We mourned the death of Eagles founding member Glenn Frey yesterday like many rock ‘n’ roll fans around the world. Along with Don Henley, Frey sang all the Eagles’ biggest hits, including “Take It Easy”, “Peaceful Easy Feeling”, and “Tequila Sunrise.” But it’s one of the songs Frey helped write the lyrics to that conjures the most feeling in our hearts.
“Hotel California,” the Eagles’ most iconic song, is a tale about “the high life in Los Angeles,” according to the group. It’s a haunting, evocative track full of addictive lines and unforgettable moments. You’ll hear it in bars, department stores, commercials, TV shows, and films alike. The song’s been endlessly covered and worn out by DJs since its release in February of 1977. “Hotel California” is impossible to miss if you’re an American.
I’m partial to this version, which features eight guitars and has a flamenco intro:
It’s likely you’ve had your moment with “Hotel California” at some point in life. You heard it on the radio back in ’77 or you discovered it later. You heard the catchy chorus, the guitar battle between Don Felder and Joe Walsh, or the use of the word “colitas” for the first time in your life, and your ears perked up. It’s not an easily-forgotten song and the interpretations are endless. But there’s much about it you were likely never aware of. Read on to discover 10 things about “Hotel California” you didn’t know about:
1. The original working title of the song was “Mexican Reggae,” according to Henley.
2.In an interview with Rolling Stone, Henley said the song was meant to be “more of a symbolic piece about America in general.” He described his and Frey’s writing: “Lyrically, the song deals with traditional or classical themes of conflict: darkness and light, good and evil, youth and age, the spiritual versus the secular. I guess you could say it’s a song about loss of innocence.”
3. According to Frey’s liner notes for The Very Best Of, the use of the word “steely” in the lyric, “They stab it with their steely knives / but they just can’t kill the beast,” was a playful nod to the band Steely Dan, who had included the lyric “Turn up the Eagles, the neighbors are listening,” in their song “Everything You Did.”
4. The term “colitas” in the first stanza means “little tails” in Spanish; in Mexican slang, it refers to marijuana.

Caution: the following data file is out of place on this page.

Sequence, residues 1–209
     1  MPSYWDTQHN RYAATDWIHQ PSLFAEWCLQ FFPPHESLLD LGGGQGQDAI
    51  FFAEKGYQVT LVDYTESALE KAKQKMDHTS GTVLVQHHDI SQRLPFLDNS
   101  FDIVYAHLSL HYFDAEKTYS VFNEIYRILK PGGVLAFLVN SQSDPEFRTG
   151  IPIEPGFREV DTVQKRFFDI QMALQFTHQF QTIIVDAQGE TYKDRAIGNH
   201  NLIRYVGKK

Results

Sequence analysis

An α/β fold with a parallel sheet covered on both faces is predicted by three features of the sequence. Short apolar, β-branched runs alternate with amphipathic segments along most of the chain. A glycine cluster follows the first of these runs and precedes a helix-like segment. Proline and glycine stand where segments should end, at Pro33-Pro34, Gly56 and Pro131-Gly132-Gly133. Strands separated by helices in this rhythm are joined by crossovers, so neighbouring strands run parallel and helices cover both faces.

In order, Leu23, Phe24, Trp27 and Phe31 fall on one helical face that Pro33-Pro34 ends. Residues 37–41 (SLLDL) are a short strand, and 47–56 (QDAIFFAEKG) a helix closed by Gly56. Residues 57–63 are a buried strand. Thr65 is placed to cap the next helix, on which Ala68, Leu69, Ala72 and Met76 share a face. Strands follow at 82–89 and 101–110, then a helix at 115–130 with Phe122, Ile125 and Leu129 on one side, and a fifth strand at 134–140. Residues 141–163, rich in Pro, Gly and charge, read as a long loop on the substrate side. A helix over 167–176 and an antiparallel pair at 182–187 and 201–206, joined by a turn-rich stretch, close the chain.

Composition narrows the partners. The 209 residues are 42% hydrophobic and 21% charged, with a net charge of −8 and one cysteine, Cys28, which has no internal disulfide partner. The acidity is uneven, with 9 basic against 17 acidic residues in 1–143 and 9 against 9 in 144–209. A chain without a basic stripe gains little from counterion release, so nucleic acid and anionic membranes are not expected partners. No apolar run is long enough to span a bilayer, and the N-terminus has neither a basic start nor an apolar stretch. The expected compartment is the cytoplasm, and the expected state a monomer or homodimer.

5. Don Felder talked about the lyrics in 2008: “Henley and Glenn wrote most of the words. All of us kind of drove into L.A. at night. Nobody was from California, and if you drive into L.A. at night… you can just see this glow on the horizon of lights, and the images that start running through your head of Hollywood and all the dreams that you have, and so it was kind of about that… what we started writing the song about. Coming into L.A…. and from that “Life in the Fast Lane” came out of it, and “Wasted Time” and a bunch of other songs.
6. In a 2009 interview with The Plain Dealer, Henley angrily defended the lyrics: “Please bring me my wine’ / He said, ‘We haven’t had that spirit here since 1969,” which seems to incorrectly suggest wine is a spirit:
“You’re not the first to completely misinterpret the lyric and miss the metaphor. Believe me, I’ve consumed enough alcoholic beverages in my time to know how they are made and what the proper nomenclature is. But that line in the song has little or nothing to do with alcoholic beverages. It’s a sociopolitical statement. My only regret would be having to explain it in detail to you, which would defeat the purpose of using literary devices in songwriting and lower the discussion to some silly and irrelevant argument about chemical processes.”
7. In the 1980s some Christian evangelists alleged that “Hotel California” referred to a San Francisco hotel that was converted into a Church of Satan. Other rumors suggested that the Hotel California was the Camarillo State Mental Hospital.
8. The front cover of the Hotel California LP used a photograph of the Beverly Hills Hotel by David Alexander.
9. Ian Anderson of Jethro Tull pointed out the similarity between “Hotel California” and his song “We Used to Know,” suggesting the Eagles heard it when they toured together in June of 1972. But Don Felder, who wrote the music, didn’t join the Eagles until 1974. Felder has said he never heard “We Used to Know.” But it’s not hard to hear what Anderson is talking about:
10. “Hotel California” hit number one on the Billboard Hot 100 chart for a week in 1977 and went on to sell over a million copies in three months. Rolling Stone ranked it #49 on its list of “The 500 Greatest Songs of All Time.” And it was also named one of The Rock and Roll Hall of Fame’s “500 Songs that Shaped Rock and Roll.”
10 Things You Never Knew About 'Hotel California'